Audit of Fixed Assets

The Guidance Note on Audit of Fixed Assets issued by the ICAI recommends that the verification of fixed assets consists of examination of related records and physical verification. The auditor should normally verify the records with reference to the documentary evidence and by evaluation of internal controls. The verification of records would include verifying the opening balances of the existing fixed assets from records such as the Schedule of fixed assets, ledger or register balances to acquisition of new fixed assets should be verified with reference to supporting documents such as orders, invoices, receiving reports and title deeds. Self-constructed fixed assets and capital work-in-progress should be verified with reference to the supporting documents such as contractors’ bills, work orders and independent confirmation of the work performed from other parties. When fixed assets have been written off or fully depreciated in the year of acquisition, the auditor should examine whether these were recorded in the fixed assets register before being written off or depreciated. In respect of retirement of fixed assets, the auditor should examine whether retirements were properly authorised, whether depreciation accounts have been properly adjusted, whether the sale proceeds, if any, have been accounted for and the resulting gains or losses, if material, have been properly adjusted and disclosed in the profit and loss account. In case the asset has impaired the auditor must ensure that the asset has met the criteria as specified in AS 28, “Impairment of Assets”. Further, if conditions so warrants the reversal norms of impairment loss are duly complied with.

The ownership of assets like land and buildings should be verified by examining title deeds. In case the title deeds are held by other persons such as bankers or solicitors, independent confirmation should be obtained directly by the auditor through a request signed by the client. Physical verification of fixed assets is primarily a responsibility of the management. The management is required to carry out physical verification of fixed assets at appropriate intervals in order to ensure that they are in existence. However, the auditor should satisfy himself that such verification was done by the management wherever possible and by examining the relevant working papers. The auditor should also examine whether the method of verification was reasonable in the circumstances relating to each asset. The reasonableness of the frequency of verification should also be examined by the auditor in the circumstances of each case. The auditor should test check the book records of fixed assets with the physical verification reports. He should examine whether discrepancies noticed on physical verification have been properly dealt with.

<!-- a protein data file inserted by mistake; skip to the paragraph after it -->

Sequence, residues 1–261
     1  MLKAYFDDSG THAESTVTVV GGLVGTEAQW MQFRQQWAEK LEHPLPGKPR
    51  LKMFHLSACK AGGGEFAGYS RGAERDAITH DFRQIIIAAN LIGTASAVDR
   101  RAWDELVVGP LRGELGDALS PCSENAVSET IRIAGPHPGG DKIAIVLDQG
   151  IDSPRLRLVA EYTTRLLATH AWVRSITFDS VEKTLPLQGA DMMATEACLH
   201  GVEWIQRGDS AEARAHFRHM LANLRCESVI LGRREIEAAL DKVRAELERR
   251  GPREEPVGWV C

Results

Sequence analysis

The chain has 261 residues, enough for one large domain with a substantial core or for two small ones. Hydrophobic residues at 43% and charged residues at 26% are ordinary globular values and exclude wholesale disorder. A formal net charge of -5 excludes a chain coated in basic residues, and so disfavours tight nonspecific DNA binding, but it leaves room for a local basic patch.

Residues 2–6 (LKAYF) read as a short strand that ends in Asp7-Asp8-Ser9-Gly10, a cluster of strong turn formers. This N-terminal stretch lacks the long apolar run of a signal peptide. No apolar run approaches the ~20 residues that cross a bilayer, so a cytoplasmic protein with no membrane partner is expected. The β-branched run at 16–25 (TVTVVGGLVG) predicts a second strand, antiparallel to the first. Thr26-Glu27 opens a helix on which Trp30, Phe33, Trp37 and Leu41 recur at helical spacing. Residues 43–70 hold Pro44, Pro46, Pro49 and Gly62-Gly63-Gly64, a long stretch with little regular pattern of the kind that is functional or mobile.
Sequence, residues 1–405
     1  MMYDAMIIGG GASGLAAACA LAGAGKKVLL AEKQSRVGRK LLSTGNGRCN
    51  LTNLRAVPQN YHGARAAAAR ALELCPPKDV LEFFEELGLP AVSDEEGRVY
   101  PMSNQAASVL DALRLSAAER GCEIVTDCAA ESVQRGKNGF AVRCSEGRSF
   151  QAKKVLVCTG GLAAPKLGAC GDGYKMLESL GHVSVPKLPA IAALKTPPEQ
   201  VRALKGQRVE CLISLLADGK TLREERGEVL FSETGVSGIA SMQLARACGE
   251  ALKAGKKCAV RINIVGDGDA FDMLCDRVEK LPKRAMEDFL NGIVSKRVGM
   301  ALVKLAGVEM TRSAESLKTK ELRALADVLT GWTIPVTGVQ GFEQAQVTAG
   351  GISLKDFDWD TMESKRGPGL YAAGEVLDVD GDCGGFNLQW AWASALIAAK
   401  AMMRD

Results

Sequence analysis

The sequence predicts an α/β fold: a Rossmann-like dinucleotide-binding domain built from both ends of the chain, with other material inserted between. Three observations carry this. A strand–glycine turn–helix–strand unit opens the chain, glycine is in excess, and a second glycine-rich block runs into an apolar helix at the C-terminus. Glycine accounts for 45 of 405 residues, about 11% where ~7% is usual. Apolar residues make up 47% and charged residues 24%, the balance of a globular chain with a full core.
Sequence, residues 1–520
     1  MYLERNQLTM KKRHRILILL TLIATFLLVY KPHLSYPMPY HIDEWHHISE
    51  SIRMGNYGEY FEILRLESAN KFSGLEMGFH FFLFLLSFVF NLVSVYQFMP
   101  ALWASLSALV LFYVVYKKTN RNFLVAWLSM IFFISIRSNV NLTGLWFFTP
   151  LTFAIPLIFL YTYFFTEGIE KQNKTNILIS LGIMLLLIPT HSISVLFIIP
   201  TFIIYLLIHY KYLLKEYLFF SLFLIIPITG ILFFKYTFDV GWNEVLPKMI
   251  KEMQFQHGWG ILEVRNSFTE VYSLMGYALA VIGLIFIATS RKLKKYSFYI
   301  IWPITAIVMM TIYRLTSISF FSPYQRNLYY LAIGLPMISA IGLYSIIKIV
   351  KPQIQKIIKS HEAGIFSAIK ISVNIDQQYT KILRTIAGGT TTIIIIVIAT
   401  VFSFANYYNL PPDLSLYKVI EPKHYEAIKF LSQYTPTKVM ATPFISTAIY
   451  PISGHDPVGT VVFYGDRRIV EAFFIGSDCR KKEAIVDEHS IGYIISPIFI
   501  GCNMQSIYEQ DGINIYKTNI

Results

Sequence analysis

The auditor should see that the fixed assets have been valued and disclosed as per the requirements of law and generally accepted accounting principles. The auditor should test check the calculations of depreciation and the total depreciation arrived at should be compared with that of the preceding years to identify reasons for variations. He should particularly examine whether the depreciation charge is adequate keeping in view the generally accepted basis of accounting for depreciation. The Institute has also recommended that the company should provide depreciation so as to write off the asset over its normal working life. The company may provide depreciation at higher rate than the rates prescribed under Schedule XIV to the Companies Act, 1956, if it feels that the normal working life of the asset is low. However, if the company feels that the normal working life of the assets is much higher, it cannot provide depreciation at the rates lower than the rate prescribed by the Schedule XIV to the Companies Act, 1956. In such a case the rates given in Schedule XIV should be followed. Re-valuation of fixed assets implies re-statement of their book values on the basis of systematic scientific appraisal which would include ascertainment of working condition of each unit of fixed assets. It would also include making technical estimates of future working life and the possibility of obsolescence. Such an appraisal is usually made by independent and qualified persons such as engineers, architects, etc. To the extent possible, the auditor should examine these appraisals. As long as the appraisal appears reasonable and based on adequate facts, he is entitled to accept the revaluation made by the experts.

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